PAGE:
Posted by David Corn at 02:24 PM
October 06, 2006
From a List to a GOP Civil War?
Copies of The List (see below) have been sent by gay politicos to a variety of social conservative groups that look to the Republican Party to make their religious right dreams come true. The recipients include the Christian Coalition, Focus on the Family, the Family Research Council, the Alliance for Marriage, Concerned Women of America, the Eagle Forum, and the Southern Baptist Convention. Officials at most of these groups have had something to say about homosexuality and gay rights in the wake of the Mark Foley scandal.
What's the point? The senders--gay people of a non-Republican bent--seem to be hoping to set off a civil war within the GOP, to turn the anti-gay social cons against the GOP's Velvet Mafia. These Washington gays have been seething for years about gay Republican staffers who serve a party that opposes gay rights and that welcomes the support of people who demonize or dehumanize gays and lesbians. "Maybe now the social conservatives will realize one reason why their agenda is stalled on Capitol Hill," says a gay politico. Another says, "The inherent inconsistency of a coalition that shelters both gay loathing 'Christian' conservatives and conservative gays will soon suffer its final rupture."
Will it? We shall see, as the Foley scandal continues to unfold, and The List continues to circulate.
Posted by David Corn at 08:39 AM
October 05, 2006
Yet More on The List
Something interesting has been brought to my attention. The Blogactive site has posted a version of The List--or a list. It contains the names of members of Congress, Bush aides, celebrities and others in addition to Capitol Hill staffers. It claims that Kirk Fordham, Mark Foley's previous chief of staff, is gay. I certainly don't know whether that's true or not. But assume for a moment it is. Fordham yesterday told various reporters that he had warned Speaker Denny Hastert's office about his boss sometime in the 2002 to 2004 period. What's intriguing about this is that after House Republicans had started suggesting that the gay GOP staffers--sometimes called by Washington wags the Velvet Mafia or the Lavender Bund--were somehow to blame for the party's Foley-oriented woes, a staffer who might be a member of this under-fire group fired back, essentially saying, Hey, we warned Hastert about Foley years ago, and he did nothing. So there!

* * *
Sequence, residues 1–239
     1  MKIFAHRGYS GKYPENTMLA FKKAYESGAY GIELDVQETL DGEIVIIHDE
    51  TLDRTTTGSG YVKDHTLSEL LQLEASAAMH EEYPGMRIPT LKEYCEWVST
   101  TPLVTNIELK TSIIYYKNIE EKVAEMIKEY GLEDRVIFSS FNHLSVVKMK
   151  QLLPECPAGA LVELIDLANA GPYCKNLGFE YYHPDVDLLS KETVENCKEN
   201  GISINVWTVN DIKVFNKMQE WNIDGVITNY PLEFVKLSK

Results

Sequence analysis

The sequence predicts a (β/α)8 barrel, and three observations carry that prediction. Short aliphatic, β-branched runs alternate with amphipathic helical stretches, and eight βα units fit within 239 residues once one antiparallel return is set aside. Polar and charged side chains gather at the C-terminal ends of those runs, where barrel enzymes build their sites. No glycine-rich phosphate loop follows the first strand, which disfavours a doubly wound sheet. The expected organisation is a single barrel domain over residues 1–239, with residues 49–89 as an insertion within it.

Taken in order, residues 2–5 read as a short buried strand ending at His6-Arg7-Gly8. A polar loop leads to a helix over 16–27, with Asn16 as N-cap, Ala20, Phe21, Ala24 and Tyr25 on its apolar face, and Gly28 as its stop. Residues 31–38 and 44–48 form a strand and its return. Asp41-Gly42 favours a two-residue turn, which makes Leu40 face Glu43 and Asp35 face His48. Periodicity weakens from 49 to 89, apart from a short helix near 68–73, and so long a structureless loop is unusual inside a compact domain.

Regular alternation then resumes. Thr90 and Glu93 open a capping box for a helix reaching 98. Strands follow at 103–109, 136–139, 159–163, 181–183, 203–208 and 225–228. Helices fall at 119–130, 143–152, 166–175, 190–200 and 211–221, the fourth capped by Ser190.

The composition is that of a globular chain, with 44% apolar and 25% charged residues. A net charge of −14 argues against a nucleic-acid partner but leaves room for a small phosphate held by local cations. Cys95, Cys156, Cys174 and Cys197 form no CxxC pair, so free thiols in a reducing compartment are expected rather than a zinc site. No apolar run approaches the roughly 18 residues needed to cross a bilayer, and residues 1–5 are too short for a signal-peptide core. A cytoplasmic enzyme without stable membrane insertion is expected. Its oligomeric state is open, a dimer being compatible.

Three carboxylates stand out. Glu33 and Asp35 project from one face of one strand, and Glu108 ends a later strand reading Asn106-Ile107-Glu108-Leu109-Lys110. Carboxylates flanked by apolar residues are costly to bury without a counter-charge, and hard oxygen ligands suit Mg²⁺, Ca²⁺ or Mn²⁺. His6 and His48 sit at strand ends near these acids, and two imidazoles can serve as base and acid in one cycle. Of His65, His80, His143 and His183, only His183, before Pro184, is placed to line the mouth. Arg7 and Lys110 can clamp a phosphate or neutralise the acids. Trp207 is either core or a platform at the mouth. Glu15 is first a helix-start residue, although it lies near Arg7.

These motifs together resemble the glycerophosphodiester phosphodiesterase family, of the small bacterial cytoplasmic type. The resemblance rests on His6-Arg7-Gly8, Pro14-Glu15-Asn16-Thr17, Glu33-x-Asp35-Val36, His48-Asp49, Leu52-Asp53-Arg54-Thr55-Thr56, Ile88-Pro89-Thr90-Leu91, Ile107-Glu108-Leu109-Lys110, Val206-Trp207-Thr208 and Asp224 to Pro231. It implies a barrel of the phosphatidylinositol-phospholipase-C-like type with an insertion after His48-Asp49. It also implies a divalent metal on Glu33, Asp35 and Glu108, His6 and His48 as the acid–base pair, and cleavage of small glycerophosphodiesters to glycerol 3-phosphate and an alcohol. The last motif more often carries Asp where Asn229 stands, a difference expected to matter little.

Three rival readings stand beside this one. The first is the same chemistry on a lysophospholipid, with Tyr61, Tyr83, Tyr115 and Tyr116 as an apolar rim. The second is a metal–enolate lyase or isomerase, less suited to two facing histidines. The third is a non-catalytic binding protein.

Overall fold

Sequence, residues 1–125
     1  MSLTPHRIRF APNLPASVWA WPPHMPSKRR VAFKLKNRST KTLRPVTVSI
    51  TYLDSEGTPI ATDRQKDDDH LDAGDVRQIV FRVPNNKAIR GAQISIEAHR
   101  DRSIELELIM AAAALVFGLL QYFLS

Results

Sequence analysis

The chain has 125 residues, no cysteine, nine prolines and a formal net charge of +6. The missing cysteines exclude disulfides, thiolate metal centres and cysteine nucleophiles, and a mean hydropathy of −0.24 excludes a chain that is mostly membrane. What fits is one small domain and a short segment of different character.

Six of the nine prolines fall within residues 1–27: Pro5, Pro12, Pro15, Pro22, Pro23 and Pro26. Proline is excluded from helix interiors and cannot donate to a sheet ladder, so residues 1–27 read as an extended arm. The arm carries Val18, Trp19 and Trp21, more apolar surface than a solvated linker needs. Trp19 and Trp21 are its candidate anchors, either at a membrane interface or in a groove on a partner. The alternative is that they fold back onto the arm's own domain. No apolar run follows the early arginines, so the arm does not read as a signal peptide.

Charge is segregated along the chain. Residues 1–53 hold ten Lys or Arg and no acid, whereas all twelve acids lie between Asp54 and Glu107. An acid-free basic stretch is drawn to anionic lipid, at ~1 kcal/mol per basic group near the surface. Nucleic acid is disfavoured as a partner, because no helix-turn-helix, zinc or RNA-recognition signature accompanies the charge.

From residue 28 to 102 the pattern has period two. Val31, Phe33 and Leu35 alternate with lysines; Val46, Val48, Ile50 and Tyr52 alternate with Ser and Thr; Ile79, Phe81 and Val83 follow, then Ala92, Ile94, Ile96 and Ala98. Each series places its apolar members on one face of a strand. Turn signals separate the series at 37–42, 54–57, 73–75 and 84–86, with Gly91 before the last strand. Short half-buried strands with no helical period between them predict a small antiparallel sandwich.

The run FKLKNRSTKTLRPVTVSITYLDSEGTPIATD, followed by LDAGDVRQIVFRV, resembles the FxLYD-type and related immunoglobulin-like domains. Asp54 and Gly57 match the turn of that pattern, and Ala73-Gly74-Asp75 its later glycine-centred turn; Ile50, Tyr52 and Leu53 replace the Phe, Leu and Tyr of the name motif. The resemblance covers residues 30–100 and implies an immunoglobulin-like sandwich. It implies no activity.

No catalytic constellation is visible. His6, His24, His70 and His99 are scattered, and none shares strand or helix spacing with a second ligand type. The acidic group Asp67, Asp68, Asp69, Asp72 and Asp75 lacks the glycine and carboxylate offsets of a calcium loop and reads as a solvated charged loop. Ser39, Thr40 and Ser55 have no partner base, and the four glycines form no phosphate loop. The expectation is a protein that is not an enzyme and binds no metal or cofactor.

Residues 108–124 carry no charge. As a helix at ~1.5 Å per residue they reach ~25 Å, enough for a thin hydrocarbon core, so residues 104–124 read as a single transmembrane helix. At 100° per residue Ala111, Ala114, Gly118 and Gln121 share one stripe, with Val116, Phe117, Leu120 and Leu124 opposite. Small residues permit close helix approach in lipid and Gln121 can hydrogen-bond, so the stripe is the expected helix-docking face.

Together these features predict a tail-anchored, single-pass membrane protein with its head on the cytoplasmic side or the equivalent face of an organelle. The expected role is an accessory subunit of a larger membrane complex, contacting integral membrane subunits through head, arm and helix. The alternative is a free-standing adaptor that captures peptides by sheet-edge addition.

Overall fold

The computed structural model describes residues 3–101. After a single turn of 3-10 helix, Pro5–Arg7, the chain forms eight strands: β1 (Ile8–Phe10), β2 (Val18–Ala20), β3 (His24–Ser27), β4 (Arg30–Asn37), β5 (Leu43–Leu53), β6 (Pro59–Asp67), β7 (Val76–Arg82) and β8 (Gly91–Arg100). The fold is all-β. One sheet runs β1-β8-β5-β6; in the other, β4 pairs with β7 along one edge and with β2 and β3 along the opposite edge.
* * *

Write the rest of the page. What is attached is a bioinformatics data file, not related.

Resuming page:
I'm just speculating here--and know nothing about Fordham's particulars. In any event--for whatever the reason--Fordham has made life rougher for Hastert and the leaders. Meanwhile, a source writes:
The fact that some of the GOP gay guys are worried about a right-wing backlash against them is very telling. Their existence in all of these Hill offices would certainly explain (to the right-wingers) the total lack of legislative progress on most of the Christian/social conservative issues. I'd be pissed if I had a social conservative agenda that hadn't been addressed and suddenly it became clear, like now, who might have been subtly blocking it.
That's another dimension that had not occurred to me--and another reason to wonder how messy this might get.
Posted by David Corn at 12:27 PM
The List Stirs Things Up?
A source sent me the following note:
Your blog [about The List] caused quite a stir, David -- a lobbyist...had a couple of terrified calls from gay GOP Hill staffers wondering if they were on the list you mentioned...and whether there was going to be a right-wing lynch mob coming for them.